19 February 2020 - Article
An individual or organisation wishing to arrange an event or use music (live or recorded) to be performed at a venue which it controls or manages or on websites etc, needs to be aware of certain issues which govern use made of live or recorded music. There are also proposals for change which have an effect on the charitable sector particularly and which any charity needs to consider responding to.
An organisation must obtain licences for the right to use music which it wishes to play at its premises, at an event or on a website for example. Creators and performers of music and songs have certain rights which are protected by copyright. Playing a recording involves use of the copyright in the recording as well as in the music and lyrics. Performing a song involves use of copyright in the music and lyrics. So a single recorded track may have separate copyright in the sound recording, the music and the words (lyrics) all owned by separate people (each one being a rights holder). A music video may well also introduce rights in dramatic work as well as films.
Payment for the use of any (and all) of these rights is required for the playing of a record / radio or the performance of a song. Fortunately, there is usually no need to track down each of these rights holders. Payments are collected by a number of different organisations, who collect on behalf of the rights holders and then distribute the royalty fee paid amongst the individual rights holders:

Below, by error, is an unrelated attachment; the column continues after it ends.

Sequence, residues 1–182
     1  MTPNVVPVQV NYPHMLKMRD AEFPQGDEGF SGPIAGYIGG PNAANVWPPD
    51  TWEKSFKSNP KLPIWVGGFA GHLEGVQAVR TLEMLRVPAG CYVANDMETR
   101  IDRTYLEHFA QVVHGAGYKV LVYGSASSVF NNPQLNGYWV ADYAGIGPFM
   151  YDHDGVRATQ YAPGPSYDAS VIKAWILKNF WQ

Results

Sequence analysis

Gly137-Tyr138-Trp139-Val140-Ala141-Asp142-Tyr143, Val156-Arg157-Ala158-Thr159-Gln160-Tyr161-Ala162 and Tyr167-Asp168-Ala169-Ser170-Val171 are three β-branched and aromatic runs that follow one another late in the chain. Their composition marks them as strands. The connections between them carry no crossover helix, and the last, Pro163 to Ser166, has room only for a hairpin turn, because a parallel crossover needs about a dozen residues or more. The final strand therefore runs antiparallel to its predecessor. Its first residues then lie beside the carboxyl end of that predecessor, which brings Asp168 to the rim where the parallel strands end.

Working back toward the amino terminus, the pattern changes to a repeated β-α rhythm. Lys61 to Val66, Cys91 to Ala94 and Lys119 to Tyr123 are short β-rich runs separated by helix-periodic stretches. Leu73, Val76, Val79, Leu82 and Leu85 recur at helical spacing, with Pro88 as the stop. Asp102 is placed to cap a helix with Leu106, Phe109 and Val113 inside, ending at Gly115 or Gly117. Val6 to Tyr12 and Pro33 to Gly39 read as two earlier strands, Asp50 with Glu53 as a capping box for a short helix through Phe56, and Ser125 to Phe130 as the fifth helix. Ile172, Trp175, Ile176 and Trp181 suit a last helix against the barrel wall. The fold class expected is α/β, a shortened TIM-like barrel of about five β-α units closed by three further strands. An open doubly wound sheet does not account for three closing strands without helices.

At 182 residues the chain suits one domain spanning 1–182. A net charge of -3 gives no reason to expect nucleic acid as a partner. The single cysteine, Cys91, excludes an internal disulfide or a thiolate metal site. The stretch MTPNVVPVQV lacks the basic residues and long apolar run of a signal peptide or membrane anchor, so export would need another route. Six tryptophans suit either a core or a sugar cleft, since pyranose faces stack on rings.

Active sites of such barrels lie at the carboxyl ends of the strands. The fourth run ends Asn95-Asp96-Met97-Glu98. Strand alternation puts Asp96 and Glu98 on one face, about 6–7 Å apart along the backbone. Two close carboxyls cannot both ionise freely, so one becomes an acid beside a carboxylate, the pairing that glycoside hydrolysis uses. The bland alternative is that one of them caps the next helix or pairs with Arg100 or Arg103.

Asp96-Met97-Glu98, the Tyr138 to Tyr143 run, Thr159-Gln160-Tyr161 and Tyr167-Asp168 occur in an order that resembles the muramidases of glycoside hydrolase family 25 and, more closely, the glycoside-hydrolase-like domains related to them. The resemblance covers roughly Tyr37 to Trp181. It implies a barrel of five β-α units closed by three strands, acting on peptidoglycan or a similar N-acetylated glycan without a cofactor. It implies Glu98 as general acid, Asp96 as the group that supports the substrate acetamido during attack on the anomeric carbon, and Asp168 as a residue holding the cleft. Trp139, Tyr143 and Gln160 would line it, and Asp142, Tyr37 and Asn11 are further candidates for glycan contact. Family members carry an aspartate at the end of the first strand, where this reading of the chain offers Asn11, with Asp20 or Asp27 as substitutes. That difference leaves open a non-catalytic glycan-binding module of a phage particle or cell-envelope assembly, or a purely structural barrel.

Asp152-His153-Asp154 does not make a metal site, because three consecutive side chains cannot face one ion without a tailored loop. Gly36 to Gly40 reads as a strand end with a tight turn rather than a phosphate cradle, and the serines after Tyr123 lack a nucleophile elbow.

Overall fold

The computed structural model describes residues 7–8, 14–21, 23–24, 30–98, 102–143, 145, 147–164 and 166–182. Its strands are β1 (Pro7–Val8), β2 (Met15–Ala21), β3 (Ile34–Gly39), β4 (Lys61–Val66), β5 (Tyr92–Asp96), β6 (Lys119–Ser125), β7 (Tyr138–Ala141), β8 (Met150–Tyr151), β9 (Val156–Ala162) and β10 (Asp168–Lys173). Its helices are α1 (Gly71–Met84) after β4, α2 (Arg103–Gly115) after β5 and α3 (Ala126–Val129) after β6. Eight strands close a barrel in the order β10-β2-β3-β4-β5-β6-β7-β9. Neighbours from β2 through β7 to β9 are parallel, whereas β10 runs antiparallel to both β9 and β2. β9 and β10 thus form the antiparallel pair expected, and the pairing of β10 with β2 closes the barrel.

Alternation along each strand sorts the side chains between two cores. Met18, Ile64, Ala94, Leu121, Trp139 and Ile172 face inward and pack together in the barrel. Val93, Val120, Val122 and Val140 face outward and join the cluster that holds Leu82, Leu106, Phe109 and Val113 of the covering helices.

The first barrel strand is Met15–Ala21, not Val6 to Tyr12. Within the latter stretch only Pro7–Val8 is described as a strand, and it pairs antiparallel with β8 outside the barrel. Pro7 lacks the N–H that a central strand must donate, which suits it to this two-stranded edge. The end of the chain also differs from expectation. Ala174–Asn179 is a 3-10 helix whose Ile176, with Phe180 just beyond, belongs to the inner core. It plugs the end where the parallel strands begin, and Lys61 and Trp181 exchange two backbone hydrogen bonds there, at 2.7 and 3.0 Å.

Phonographic Performance Limited (PPL) enforces rights relating to (i) sound recordings and performance; and (ii) public performance and broadcasting of music videos1; and
Performing Right Society (PRS) manages rights in music and lyrics. It is therefore usually necessary to obtain a licence from both organisations to play recorded music in public, unless there is a reason why use made of the recorded music is exempt.
The current position
Currently, charitable organisations do not need to obtain a licence from PPL to play CDs or other recorded music or to play radios or TVs which include recorded music at venues where the audience are not charged entry. However, there may still be a need to obtain a PRS licence, as there are no corresponding exemptions from the PRS licensing requirements at present.
It is not copyright infringement for a club, society or other organisation to play a sound recording where (i) the organisation is not-for-profit, and its main objectives are charitable or otherwise concerned with charitable objectives of education, social welfare or the advancement of religion; (ii) the organiser is not acting with a view to gain; and (iii) any proceeds of any admission charge are applied for the purposes of the organisation. A not-for-profit organisation can also show a broadcast2 free of charge to audience members without infringing copyright in the broadcast.
Proposals for change
The UK Intellectual Property Office (‘UKIPO') has launched a consultation, with responses due by 31 October 2008, focusing on the scope of the exemption applicable to not-for-profit organisations for their use of sound recordings. This has in part been prompted by PPL's concerns that the current UK legislation is not in conformity with the requirements of European legislation which set out a test for assessing whether the right holder's rights should be subject to any limitations. The European Rental and Lending Directive 92/100/EEC aims to ensure that the legitimate interests of the right holder are not unreasonably prejudiced by enforced licensing / remuneration provisions found in national legislation. The requirements of this directive could mean that some organisations which are currently exempt from paying fees to the PPL under the UK legislation should in fact be making payment to PPL.